Is This My Guitar or An Albatross?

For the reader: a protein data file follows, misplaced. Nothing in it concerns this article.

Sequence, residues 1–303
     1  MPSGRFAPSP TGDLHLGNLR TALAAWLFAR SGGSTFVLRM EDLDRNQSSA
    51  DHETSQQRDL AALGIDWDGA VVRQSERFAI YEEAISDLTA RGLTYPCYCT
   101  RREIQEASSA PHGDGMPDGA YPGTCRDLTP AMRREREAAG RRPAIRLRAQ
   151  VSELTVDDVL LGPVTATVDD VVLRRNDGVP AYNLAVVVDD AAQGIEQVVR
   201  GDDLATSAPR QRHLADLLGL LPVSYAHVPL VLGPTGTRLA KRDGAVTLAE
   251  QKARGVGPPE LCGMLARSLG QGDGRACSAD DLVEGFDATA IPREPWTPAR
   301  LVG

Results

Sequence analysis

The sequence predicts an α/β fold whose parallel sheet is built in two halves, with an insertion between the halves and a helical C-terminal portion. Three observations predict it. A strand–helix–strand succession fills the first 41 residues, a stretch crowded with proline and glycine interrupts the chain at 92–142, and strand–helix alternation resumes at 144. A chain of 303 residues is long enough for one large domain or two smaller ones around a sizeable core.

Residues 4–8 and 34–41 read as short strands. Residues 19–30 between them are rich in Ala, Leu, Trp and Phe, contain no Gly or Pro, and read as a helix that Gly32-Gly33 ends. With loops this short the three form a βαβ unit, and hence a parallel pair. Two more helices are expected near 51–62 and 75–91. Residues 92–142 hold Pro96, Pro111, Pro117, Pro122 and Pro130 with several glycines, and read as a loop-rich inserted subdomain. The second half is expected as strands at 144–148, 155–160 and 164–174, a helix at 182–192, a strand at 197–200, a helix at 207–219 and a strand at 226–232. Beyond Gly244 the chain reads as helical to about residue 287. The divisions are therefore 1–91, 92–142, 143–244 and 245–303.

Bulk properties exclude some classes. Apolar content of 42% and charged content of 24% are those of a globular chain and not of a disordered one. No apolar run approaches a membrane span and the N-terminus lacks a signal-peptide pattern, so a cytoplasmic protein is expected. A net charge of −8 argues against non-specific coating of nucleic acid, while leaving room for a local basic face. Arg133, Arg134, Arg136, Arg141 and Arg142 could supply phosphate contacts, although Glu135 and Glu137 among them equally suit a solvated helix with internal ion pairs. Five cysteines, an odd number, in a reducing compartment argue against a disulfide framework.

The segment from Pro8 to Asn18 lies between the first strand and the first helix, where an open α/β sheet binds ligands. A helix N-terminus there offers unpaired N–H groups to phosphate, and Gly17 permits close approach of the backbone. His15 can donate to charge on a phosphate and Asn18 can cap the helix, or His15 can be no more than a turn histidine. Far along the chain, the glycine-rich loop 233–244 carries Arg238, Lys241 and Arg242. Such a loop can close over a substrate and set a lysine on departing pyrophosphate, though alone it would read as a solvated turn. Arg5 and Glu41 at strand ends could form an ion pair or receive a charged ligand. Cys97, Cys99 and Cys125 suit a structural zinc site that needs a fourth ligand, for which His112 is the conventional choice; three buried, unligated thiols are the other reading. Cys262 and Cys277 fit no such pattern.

'I'm not sure about that riff.' 'I can't hear a bass line for that.' 'You want me to sing over what?' Sigh. There comes a time when one must take matters into one's own fingers. And for me, the time was late 1999. After many years of writing pop tunes with lyrics, I had accumulated a collection of wayward melodies that didn't seem to fit anywhere. And since I can't sing worth beans, I did what any self-indulgent lead guitarist would do-solo. And, lord all mighty, did I solo. In fact, I soloed so damn much that eventually I had 25 songs with no lyrics. These songs are pop rock-instrumentals. Most of them are simpler and more melodic than what the rock-guitar-instrumental genre is known for. I suspect this simplicity is a direct result of my love for pop music. I'm a sucker for a great pop tune-whether it be Sixpence's 'Kiss Me' or Linda Eder's 'Vienna.' It's embarrassing, this affinity of mine. In fact, as I write this bio, I'm listening to 'Dreams' by Fleetwood Mac. I love this song-and it's basically just two chords all the way through (damn). But, that said-I also must confess to a love of Vai and Satriani. And Rush and Dream Theater. And Leo Kotke and Jesse Cook. Like a lot of musicians, I have an affinity for these virtuosos. And, their influence does come out in my playing (well...at least they try to come out!) So here are 17 tracks-some that are quite melodic and poppy (Waiting For LaDean) and some that are slightly abrasive (Is This My Guitar Or An Albatross?). There is also a 10-minute progressive-metal tune (Symphony in Cyan) and a semiclassical/semi-Irish piece performed almost entirely on viola (When Angels Get Their Wings). I'm very proud of this CD-not just because it represents music that I've had in my head for years, but because a lot of the talent, whether it be in the form of musicianship, engineering, mastering or artistic, was donated. I was given a lot of help, and I'm grateful. To continue this theme of philanthropy, all money from CD sales will go to charity. If, by some gesture of coolness, you decide to buy a CD, let me know where you prefer your donation go: the Salvation Army or the Humane Society. I hope the CD reflects the fun I had putting it together. I also hope that, someday, I'll take matters into my own fingers again and record the remaining 8. We shall see.